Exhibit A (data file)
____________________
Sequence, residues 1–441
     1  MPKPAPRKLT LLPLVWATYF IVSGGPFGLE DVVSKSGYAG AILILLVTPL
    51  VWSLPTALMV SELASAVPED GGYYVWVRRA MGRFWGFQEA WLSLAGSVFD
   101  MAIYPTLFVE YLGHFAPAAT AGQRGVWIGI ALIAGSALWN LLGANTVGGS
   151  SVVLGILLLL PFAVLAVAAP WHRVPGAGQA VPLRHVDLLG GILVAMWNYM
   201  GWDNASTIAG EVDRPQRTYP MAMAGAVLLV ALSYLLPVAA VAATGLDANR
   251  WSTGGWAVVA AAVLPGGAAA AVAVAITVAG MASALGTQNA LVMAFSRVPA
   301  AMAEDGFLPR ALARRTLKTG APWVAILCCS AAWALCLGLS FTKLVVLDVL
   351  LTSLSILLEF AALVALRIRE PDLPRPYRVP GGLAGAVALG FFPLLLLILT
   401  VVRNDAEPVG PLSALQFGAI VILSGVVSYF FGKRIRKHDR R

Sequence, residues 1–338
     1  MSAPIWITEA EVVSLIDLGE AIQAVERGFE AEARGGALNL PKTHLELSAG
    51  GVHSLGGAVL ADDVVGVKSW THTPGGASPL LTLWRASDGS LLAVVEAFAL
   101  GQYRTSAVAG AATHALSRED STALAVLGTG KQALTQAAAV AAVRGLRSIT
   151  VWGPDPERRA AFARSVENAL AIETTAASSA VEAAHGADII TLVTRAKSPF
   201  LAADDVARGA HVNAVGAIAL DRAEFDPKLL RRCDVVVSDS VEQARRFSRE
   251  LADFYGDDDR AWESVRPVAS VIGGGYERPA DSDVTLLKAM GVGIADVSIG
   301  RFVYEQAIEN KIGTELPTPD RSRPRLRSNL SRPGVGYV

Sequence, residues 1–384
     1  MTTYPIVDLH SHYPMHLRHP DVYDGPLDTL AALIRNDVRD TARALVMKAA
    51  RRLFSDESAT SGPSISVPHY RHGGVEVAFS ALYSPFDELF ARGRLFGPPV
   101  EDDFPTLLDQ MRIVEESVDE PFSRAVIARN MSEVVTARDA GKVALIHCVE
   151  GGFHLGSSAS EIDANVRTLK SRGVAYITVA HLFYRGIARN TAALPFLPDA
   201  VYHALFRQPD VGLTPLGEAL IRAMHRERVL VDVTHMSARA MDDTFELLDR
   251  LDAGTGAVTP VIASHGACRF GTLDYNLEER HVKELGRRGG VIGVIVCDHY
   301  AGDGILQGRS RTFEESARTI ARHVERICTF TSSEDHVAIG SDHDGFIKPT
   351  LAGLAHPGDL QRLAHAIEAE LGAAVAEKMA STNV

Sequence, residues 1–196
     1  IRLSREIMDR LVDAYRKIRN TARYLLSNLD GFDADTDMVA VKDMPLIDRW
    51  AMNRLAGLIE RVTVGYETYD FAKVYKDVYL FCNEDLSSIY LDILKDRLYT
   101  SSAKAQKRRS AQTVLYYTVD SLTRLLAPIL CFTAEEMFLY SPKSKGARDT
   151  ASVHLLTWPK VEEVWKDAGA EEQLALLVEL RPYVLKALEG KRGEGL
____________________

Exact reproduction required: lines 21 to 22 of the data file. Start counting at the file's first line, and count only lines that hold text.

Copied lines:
    51  RRLFSDESAT SGPSISVPHY RHGGVEVAFS ALYSPFDELF ARGRLFGPPV
   101  EDDFPTLLDQ MRIVEESVDE PFSRAVIARN MSEVVTARDA GKVALIHCVE